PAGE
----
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Pepper Chicken Chettinad

Sunday, October 13, 2013

Recipe adopted from weebs DOES FOOD.

This summer I was asked by a relative if I'd be interested in making an Indian meal for a friend who is originally from Pannur in Tamil Nadu.  Although I was a bit hesitant at first (due to knowing little to nothing about Southern Indian cuisine), I accepted the offer.  Since then, I have asked around for suggestions on what to make and have done some research to see what I'm in for.  Although oversimplified, I noticed the following key points about Southern Indian cuisine.
  • Rice and legumes (lentils in specific) are a big deal and are often fermented (like dosa).
  • Vegetarian dishes are very popular, but chicken and fish are also served.
  • There's no such thing as a dish being too hot (spicy).
  • Stews (like sambar) and soups (like rasam) are some of their top dishes.
  • Vadai is a deep-fried starter that resembles mini-donuts, and is made from chickpeas or black lentils.
  • Authentic meals are served on a banana leaf, making for quite the presentation.
Although I'm not sure if it's as popular in Pannur as it is in the southern regions of Tamil Nadu, I ended up going with the the classic dish of Pepper Chicken Chettinad.  Let me begin by saying this dish is hot.  Of course you can back away from the amount of green chilies and crushed black pepper, but that in turn changes the dish into something else.  Although I've made other Indian dishes, I would say that this one felt the most authentic because of the number of raw spices and herbs used (especially curry leaves) and the fact that no substitutions were made on my part.

If you haven't attempted Indian dishes yet, the following list of ingredients may seem quite intimidating (understandably so).  But after taking a trip to a local Indian market or South Asian market, you'll see that this dish uses fairly common spices and herbs.  For the following reasons, I encourage you to visit your local market if you want to experiment with Indian dishes:
  1. The cost of spices and herbs are almost always significantly lower.  If I had to throw a number out there, I would probably say that I pay 10% to 20% of what a typical supermarket would charge for similar spices and herbs.
  2. The quality is much higher.
  3. An extensive variety of spices and herbs are often located in one area, making for quick shopping.
  4. Smaller specialized shops are run by people who know extensive information about their products and have a passion for what they sell.  Every time I go to my local Indian grocery store, the owner asks what I plan on making and offers me tips.
Although I have quite a bit more work to do in finding potential side dishes and desserts, I think I can say that I now have a solid main course picked out!


3 tablespoons oil

1 tablespoon mustard seeds
1 tablespoon cumin seeds
4 cardamom pods, crushed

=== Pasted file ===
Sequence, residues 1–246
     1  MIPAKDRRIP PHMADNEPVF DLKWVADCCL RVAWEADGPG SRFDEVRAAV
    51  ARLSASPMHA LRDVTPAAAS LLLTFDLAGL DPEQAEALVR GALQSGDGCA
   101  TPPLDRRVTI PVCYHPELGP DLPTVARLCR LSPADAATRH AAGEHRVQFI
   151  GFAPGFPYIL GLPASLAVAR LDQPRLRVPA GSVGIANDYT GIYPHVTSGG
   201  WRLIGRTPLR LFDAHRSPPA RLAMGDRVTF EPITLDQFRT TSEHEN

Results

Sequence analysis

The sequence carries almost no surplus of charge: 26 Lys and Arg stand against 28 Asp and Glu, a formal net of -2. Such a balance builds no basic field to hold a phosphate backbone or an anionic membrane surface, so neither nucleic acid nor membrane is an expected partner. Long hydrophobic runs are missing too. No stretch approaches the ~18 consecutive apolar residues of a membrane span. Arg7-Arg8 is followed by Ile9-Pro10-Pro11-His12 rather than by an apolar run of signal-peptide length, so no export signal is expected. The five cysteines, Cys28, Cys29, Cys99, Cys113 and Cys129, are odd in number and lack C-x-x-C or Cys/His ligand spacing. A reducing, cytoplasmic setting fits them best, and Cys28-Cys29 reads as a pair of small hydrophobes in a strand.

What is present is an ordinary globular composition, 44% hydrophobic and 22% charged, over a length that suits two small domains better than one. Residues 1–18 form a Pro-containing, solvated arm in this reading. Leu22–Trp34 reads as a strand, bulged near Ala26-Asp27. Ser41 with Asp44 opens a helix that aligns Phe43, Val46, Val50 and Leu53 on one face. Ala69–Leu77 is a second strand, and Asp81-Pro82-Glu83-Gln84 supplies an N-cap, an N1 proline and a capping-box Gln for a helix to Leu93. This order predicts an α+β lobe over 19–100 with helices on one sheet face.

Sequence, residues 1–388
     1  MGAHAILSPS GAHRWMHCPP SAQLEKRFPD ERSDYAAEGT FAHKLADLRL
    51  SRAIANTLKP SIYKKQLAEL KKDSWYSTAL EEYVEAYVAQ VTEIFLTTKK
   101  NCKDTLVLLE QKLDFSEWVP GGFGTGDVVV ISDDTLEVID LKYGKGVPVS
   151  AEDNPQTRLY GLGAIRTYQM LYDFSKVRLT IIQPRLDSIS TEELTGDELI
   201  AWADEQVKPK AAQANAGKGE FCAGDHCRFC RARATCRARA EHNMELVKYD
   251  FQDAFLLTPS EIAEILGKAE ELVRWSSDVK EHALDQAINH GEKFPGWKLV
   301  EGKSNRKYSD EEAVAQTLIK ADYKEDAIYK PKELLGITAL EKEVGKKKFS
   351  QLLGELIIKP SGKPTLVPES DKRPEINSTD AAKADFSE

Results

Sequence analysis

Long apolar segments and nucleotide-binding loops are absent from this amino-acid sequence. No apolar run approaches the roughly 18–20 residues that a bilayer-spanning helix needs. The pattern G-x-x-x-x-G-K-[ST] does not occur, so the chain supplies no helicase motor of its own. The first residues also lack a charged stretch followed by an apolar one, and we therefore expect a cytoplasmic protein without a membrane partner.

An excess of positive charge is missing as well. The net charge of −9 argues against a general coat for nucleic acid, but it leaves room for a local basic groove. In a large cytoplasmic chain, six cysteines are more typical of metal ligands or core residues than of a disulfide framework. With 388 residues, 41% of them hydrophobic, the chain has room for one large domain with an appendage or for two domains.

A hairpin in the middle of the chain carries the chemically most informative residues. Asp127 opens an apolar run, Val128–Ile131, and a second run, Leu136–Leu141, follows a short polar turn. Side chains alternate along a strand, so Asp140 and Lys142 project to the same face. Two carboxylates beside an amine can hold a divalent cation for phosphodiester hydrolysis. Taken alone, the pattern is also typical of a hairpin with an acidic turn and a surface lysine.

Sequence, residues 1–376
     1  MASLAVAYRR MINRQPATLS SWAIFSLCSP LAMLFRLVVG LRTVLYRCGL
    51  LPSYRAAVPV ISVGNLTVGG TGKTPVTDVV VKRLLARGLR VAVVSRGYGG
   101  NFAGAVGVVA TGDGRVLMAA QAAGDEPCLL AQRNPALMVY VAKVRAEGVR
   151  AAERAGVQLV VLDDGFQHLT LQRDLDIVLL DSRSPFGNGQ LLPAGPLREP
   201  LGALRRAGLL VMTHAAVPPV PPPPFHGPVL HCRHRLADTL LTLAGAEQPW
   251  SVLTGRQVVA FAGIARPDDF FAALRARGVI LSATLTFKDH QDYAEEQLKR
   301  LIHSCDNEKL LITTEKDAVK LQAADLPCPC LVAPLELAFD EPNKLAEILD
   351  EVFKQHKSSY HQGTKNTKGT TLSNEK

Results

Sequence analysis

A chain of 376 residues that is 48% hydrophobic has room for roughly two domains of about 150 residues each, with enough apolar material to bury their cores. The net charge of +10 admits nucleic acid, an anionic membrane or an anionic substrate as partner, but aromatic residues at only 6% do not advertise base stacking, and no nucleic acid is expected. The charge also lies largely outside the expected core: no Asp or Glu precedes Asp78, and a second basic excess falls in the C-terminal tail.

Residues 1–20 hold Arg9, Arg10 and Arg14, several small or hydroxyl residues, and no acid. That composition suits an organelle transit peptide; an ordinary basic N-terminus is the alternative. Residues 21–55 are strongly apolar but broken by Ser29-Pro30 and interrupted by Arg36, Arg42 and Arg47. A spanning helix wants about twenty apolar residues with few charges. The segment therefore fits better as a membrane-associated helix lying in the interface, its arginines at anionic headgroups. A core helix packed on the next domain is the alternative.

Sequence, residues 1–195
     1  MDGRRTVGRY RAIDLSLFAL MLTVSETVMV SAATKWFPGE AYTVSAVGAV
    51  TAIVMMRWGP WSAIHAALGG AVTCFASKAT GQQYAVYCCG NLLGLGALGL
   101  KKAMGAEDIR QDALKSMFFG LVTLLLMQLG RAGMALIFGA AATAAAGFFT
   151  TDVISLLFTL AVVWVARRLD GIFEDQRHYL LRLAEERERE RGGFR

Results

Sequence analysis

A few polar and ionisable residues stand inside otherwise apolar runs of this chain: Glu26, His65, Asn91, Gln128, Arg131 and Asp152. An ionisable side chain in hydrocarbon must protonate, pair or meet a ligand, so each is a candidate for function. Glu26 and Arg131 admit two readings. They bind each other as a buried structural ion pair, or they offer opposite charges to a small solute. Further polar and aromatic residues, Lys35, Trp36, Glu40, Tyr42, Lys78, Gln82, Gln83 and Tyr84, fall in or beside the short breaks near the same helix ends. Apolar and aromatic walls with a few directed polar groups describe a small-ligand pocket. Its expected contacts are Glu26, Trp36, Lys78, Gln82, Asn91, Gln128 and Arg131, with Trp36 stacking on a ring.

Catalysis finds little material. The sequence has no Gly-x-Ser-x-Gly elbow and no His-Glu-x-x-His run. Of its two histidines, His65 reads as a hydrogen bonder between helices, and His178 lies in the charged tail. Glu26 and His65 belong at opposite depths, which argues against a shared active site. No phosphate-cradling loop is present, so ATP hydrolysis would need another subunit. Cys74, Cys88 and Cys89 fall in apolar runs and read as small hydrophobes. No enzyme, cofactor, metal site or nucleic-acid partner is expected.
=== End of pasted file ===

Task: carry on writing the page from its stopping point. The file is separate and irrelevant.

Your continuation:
2 small cinnamon sticks
6 cloves
1 bay leaf

1 onion, finely chopped
Kosher salt, to taste

1 teaspoon turmeric powder
3 cloves garlic, minced
1 tablespoon minced ginger
2 green chilies, finely chopped
2 sprigs curry leaves, destemmed

2 medium tomatoes, finely chopped
1 teaspoon red chili powder
1 tablespoon coriander powder
1 teaspoon cumin powder

12 ounces boneless chicken, cubed
0 to 3 tablespoons water
1 tablespoon freshly crushed peppercorns
2 tablespoons fresh cilantro, chopped


Begin by carrying out the popular (and highly beneficial) French phrase:  mise en place.  All this means is that you have everything measured out and ready to go.  [Side note:  Like any other recipe on this blog, the list of ingredients above is grouped by what ingredients get added at the same time.]  Once the ingredients are measured out, prepped, and/or grouped accordingly, you're ready to begin.

Begin by heating a heavy bottomed pot (cast iron or a Dutch oven) over medium heat, and then adding the oil.  Once hot, add your mustard seeds, cumin seeds, cardamom pods, cinnamon sticks, cloves, and bay leaf.  After a minute, add the chopped onion and season with salt.  Cook and stir until the onions turn a light brown, at least 10 minutes.  Next add the turmeric powder, garlic, ginger, chilies, and curry leaves.  Cook and stir for a couple more minutes.  Add the tomatoes, red chili powder, coriander powder, and cumin powder and cook for 8 to 10 minutes.  During this step, the tomatoes will break down and transform the dish into a thick sauce.

Add the chicken and cover for 5 minutes, or until the chicken is fully cooked.  Lastly add the peppercorns.  [Side note:  The original recipe ended here, but I ended up adding a little bit of water to thin out the sauce.  If you think your sauce is too thick, add water by the tablespoon until the desired thickness is met].

Garnish with fresh cilantro and serve.  [Side note:  The cardamom pods, cinnamon sticks, cloves, bay leaves, and curry leaves are often left in the dish when served, with the understanding that they should not be consumed.]

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